An adopted child is viewed in the same way as a biological child by the divorce courts in Colorado. This means if you and your spouse get divorced with an adopted child, matters such as child custody and child support will be determined in much the same way as if the child were biological and born of the marriage. There may be some special considerations, however, related to the adoption. For assistance with a complicated child custody matter, contact a Fort Collins divorce lawyer.
Contested vs. Uncontested Divorce
You and your spouse will have the opportunity to reach a settlement agreement that determines issues such as child custody, visitation and child support on your own, without court intervention. This is what is known as an uncontested divorce case. It may be helpful to use a form of alternative dispute resolution, such as mediation or arbitration, to reach a settlement agreement with your spouse and avoid a trial. If you cannot reach a settlement regarding custody of an adopted child or another key issue, your divorce case will have to go to court. This means you would have a contested divorce.
Colorado Child Custody Laws
In Colorado, the family courts will look at many different things to determine child custody if your divorce case goes to trial. For the most part, the courts will want the adopted child to remain in contact with both parents. Adoptive parents have a duty to care for and provide for the child as they would with children born of the marriage. However, the main factor is the adopted child’s best interests.
Custody of an adopted child is based on factors such as:
The wishes of both parents and the child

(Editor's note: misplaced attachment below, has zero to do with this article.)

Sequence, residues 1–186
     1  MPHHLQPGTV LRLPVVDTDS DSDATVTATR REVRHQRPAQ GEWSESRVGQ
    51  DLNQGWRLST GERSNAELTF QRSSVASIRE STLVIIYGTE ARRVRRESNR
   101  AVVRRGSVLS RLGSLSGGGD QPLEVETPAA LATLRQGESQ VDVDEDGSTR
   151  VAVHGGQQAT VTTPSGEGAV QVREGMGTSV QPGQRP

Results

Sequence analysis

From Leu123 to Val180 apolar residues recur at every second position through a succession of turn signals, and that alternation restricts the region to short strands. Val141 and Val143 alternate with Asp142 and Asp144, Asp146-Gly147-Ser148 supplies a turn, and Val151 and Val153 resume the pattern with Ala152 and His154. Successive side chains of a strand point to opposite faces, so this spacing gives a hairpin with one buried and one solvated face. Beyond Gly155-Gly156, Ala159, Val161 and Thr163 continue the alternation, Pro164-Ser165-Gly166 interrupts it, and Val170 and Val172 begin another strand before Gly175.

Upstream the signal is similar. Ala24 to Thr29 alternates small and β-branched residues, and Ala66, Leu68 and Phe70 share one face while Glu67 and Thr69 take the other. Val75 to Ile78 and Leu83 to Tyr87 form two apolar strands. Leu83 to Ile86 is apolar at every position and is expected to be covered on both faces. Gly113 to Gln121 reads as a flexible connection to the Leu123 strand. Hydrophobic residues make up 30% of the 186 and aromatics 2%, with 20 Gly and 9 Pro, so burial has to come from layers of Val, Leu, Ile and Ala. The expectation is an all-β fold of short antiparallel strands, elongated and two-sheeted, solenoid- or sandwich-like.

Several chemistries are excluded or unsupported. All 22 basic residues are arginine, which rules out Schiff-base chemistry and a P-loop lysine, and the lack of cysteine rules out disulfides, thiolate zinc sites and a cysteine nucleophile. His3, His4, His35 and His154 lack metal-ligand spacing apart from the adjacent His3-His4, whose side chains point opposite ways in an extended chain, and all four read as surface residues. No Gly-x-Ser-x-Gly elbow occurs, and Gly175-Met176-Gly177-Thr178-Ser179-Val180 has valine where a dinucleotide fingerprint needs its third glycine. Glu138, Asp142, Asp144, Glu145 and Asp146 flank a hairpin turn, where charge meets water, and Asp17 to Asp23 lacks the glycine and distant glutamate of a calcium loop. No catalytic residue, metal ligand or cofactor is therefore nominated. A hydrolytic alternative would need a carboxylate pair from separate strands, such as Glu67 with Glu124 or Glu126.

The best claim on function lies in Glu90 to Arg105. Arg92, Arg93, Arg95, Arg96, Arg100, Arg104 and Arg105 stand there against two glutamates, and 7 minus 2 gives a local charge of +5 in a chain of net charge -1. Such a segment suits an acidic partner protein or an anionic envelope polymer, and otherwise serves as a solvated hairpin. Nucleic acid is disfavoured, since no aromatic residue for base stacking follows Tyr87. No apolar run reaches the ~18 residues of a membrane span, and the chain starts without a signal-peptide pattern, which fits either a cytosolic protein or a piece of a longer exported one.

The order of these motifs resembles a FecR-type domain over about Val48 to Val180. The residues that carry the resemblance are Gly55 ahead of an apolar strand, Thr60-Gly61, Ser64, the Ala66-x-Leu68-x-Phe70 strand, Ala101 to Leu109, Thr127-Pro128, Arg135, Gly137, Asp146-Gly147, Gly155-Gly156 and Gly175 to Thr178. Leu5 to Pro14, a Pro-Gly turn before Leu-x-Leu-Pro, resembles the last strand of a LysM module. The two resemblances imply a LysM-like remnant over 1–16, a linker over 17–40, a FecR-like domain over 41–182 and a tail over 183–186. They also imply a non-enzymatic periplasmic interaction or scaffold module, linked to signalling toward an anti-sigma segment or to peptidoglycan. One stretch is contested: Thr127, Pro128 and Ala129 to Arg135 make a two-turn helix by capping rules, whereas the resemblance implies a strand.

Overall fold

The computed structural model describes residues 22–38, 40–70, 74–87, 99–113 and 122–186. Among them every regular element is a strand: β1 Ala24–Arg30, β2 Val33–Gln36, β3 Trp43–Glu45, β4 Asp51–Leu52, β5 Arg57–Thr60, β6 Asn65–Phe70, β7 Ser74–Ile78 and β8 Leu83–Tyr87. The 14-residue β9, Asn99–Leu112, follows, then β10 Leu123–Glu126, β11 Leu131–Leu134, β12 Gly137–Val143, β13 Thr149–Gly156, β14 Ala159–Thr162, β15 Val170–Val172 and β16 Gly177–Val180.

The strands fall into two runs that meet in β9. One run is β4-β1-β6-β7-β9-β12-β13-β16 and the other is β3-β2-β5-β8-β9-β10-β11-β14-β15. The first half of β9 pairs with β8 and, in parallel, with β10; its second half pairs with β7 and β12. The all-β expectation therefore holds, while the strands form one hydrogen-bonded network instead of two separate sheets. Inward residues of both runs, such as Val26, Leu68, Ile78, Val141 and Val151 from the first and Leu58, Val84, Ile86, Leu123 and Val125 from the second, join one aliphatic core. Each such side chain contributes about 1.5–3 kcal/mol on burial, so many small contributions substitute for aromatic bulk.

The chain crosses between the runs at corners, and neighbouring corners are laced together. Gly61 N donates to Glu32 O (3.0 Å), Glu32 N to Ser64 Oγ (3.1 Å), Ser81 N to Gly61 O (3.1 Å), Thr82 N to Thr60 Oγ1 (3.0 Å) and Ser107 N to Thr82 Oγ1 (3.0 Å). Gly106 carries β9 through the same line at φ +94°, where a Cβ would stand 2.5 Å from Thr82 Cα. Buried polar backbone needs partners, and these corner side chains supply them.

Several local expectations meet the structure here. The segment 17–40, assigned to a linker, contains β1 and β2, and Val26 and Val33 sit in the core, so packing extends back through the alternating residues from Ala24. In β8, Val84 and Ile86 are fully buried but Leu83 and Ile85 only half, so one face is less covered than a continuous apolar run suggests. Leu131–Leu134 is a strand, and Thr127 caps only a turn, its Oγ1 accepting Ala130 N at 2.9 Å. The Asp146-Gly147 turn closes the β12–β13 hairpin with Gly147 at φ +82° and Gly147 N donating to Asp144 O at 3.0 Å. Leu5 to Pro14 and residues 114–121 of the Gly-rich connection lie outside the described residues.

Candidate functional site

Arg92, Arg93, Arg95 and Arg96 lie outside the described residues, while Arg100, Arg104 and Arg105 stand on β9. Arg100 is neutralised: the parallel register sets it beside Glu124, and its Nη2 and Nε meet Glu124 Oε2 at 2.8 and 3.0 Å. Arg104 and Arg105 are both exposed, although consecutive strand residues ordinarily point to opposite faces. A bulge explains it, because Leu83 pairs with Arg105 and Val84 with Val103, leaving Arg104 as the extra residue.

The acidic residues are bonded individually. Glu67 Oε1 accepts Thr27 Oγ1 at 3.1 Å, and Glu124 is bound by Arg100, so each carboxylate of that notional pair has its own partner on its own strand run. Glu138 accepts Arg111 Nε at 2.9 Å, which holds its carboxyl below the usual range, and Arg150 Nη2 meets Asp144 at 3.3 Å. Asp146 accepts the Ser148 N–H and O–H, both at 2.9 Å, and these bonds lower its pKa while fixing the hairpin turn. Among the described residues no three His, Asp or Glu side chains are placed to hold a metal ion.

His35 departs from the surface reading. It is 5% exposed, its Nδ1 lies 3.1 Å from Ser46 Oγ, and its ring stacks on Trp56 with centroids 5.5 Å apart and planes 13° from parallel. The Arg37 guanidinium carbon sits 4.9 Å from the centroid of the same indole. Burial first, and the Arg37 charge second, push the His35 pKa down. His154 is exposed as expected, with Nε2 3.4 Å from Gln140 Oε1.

The child’s relationship to either parent
The child’s connection to his or her community and surroundings
The child’s safety and wellbeing
Any special circumstances or special needs the child has
Each parent’s living situation
These are the same factors that are considered when determining custody of a biological child in a divorce case in Colorado. Adopted children also have the right to receive financial support from both parents, meaning the courts may require one spouse (typically the noncustodial parent) to pay the other child support.
Special Considerations for Adopted Children
If the child is one parent’s biological child and the other parent’s adopted child, the courts will value both parental relationships in the same way. The parent with the biological relationship to the child will not receive preference based on this. Each parent will be viewed as the child’s legal parent and treated the same way.
One special issue that may arise in a divorce case involving an adopted child is an adoption subsidy payment. Subsidy payments are given to the child in an amount that may be several hundred dollars each month. If the parents get divorced, the adopted child will continue to receive this subsidy payment until he or she reaches the age of majority.
In general, an adoption subsidy is viewed as the child’s property and does not change how much the noncustodial parent must pay in child support. A portion of the subsidy, however, may be given to the other parent based on his or her share of parenting time. Like child custody and other divorce matters, a couple always has the ability to determine child support on their own before the matter goes to a judge.
What If the Adoption Is Still Pending?
If you and your spouse split up while an adoption is still pending, your divorce may affect the adoption. If the adoptive mother is making the final decision, for instance, she may not give her consent to the adoption after learning of your divorce. In addition, the court in charge of the adoption will consider how the divorce might affect the child. If the birth mother still consents and one parent wishes to proceed with the adoption, there is a chance that it will still go through. These are complicated cases, however, that deserve legal attention. Contact a divorce attorney in Colorado today for more information.